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Gentili: Reining in payday lenders and the Le Ledo nothingburger

Kudos to council for pushing back on payday lenders. Plus, if you’re going to propose a development and refuse to be public about who you are, why should anyone take you seriously?
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One of several payday loan establishments in downtown Sudbury. (File)

City council takes a lot of criticism, and rightly so, but when it comes to Ward 4 Coun. Geoff McCausland’s member’s motion directing staff to find ways of reining in payday lenders in the city, they made the right move.

If you’re unfamiliar with what exactly a payday lender is, here’s a brief description, as provided by the Ontario government. Operating from storefronts, payday lenders offer small-value loans for short periods of time, usually between paydays. The loans are unsecured and the borrower can’t put down collateral or otherwise guarantee the loan. 

Most payday lenders don’t do credit checks, instead asking the borrower to prove continuous employment, provide proof of address and have a chequing account.

As McCausland pointed out in his successful pitch to council (council backed the motion with only Ward 3 Coun. Gerry Montpellier voting against), the interest rate these outfits charge is far (far, far, far) higher than you find at a bank or get from a credit card company — like 390 per cent (no, not a typo) annualized.

Critics of these businesses point out that they are often located in lower-income neighbourhoods, which is not surprising, since that’s where most of their customers are. Figures from 2016 collected by Statistics Canada and highlighted by the Toronto Star back in April showed, again not surprisingly, payday loans are most often used by people who are already “economically vulnerable,” because they’re the ones who most often need the money and they are often the same people who have been denied credit cards or lines of credit.

But high-interest loans for people who are already strapped for cash can easily go wrong, and too many people can find themselves using their paycheque to pay off their loan and then needing to get another loan to tide them over until payday. It’s a cycle far too many people find themselves unable to get out of.

To get around legislation that limits a borrower from taking out a payday loan amounting to more than 50 per cent of their net pay, desperate people will take out payday loans at more than one lender, something the legislation doesn’t prevent.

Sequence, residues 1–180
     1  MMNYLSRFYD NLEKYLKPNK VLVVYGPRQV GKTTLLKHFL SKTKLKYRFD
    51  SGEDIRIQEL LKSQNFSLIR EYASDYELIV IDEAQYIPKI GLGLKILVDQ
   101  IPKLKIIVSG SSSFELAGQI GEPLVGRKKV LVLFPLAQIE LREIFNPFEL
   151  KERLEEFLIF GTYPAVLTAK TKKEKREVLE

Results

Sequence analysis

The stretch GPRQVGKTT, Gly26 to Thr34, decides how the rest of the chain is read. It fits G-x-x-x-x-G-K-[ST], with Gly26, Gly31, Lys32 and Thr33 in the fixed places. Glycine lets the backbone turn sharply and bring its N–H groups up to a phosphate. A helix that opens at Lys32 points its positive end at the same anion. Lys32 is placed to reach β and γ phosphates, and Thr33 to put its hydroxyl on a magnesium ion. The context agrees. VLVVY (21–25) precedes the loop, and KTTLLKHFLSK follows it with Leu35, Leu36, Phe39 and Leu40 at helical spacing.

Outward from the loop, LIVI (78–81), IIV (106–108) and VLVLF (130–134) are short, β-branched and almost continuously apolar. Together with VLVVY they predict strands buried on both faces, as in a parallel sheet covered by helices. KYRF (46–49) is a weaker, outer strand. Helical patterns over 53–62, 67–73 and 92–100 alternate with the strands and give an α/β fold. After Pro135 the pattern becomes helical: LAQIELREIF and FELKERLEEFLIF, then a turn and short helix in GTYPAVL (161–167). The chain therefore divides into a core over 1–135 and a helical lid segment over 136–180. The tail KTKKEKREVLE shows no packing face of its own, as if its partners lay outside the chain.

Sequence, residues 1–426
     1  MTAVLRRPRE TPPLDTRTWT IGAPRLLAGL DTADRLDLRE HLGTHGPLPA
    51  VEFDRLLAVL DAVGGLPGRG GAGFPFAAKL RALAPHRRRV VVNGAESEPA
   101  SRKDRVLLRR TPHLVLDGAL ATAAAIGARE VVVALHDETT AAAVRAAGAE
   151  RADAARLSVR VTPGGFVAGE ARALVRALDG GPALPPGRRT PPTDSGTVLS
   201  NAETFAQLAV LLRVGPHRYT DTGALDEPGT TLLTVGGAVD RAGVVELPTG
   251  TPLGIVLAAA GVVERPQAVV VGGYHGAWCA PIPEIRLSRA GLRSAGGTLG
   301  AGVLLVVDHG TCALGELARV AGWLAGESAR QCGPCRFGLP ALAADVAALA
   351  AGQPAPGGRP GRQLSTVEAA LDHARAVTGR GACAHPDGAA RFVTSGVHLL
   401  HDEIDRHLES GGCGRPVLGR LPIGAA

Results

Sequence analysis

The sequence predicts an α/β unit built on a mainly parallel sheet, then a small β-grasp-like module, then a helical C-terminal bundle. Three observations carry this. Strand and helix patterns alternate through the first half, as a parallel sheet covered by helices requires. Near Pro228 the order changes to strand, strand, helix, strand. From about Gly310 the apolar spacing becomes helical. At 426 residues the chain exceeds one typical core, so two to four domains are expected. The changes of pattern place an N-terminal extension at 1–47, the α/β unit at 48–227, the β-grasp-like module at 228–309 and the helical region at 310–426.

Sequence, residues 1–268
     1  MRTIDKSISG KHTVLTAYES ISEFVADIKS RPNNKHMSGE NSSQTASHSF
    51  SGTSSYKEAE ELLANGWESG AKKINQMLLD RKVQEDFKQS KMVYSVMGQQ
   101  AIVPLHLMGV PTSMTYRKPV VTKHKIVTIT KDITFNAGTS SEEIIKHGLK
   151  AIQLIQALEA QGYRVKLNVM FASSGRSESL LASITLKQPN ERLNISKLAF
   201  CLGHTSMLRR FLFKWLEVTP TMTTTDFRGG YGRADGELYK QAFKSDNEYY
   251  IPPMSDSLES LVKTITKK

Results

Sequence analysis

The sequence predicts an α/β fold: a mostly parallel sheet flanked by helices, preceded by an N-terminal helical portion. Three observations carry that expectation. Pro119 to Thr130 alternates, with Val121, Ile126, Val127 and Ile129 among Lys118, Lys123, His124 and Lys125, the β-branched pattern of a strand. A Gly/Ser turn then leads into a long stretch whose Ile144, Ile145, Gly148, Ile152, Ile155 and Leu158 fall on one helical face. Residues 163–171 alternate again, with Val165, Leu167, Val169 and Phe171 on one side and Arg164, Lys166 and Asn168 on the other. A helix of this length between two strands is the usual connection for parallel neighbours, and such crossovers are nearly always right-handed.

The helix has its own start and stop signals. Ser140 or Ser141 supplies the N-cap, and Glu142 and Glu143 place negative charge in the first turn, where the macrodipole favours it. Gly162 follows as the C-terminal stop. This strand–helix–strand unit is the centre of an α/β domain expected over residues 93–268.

Not only can financially vulnerable people get locked into a vicious cycle, but payday lenders are increasingly becoming a place of last resort for people struggling to stay solvent. Rather than providing the assistance a person needs, though, the payday loans provide a new hole for borrowers to fall into.

A 2019 review of Ontario personal insolvencies by insolvency trustees Hoyes, Michalos & Associates found the percentage of insolvent debtors who took out payday loans rose from 12 per cent in 2011 to 39 per cent in 2019. J. Douglas Hoyes, one of the principles in the firm, argues in a separate post that those insolvencies were actually caused by easy access to payday loans, which pushed people so far into debt there was no way to dig themselves out.

If true, and the data seems to bear it out, that means a third of all insolvencies in the province are related to payday lenders. Let me repeat that, a third of all insolvencies. If that isn’t a problem, I don’t know what is.

These places bill themselves as offering a hand up when people need them, but the data strongly suggests rather than a hand up, payday lenders are actually pushing people down.

Greater Sudbury’s move to rein these predatory lenders in isn’t without precedent. Toronto banned issuing new business licences for payday lenders in 2019. A Toronto Star story points out the city has as many payday lenders as it has Tim Hortons. Let that sink in.

Quebec has taken a particularly hard stance, capping interest rates at 35 per cent, effectively making it unprofitable for most of these places to operate.

I’m curious to see what recommendations staff come back with to protect Sudburians from the predatory practices of these joints. We’ll be keeping an eye on that story.

And finally, a quick note on the Le Ledo project. The pitch for this $40-million project that boasts it will transform the downtown came out of the blue early in October.

Under the proposal, the existing Ledo Hotel would be repurposed and integrated into a three-storey brick and glass building with the addition of a 14-storey tower above, clad in copper and glass, and boasting 150,000 square feet of commercial space.

Here’s the thing, the project has a spokesperson, Chris Tammi, a local real estate broker. How he is connected to the proposal is unknown, because he wouldn’t say when we asked him. Whoever else is involved in the idea is a mystery, because they don’t have the courage of their convictions to put their names to it.

From statements made in the initial press release and subsequent interviews with Tammi, the Le Ledo group is opposed to the Kingsway Entertainment District and for renovating Sudbury Arena.

I have no issue with their idea; I do have an issue with their secrecy. Say what you will about Dario Zulich and his KED idea, for good or ill, at least he is willing to suffer the slings and arrows of criticism by putting his name out there.

If the mystery team behind Le Ledo is actually serious (and this whole thing isn’t some kind of stunt or red herring, which is entirely possible), put your money where your mouth is and stand up to be counted.

Otherwise, Le Ledo is a nothingburger and just not worth talking about.

Mark Gentili is the community editor of Sudbury.com.




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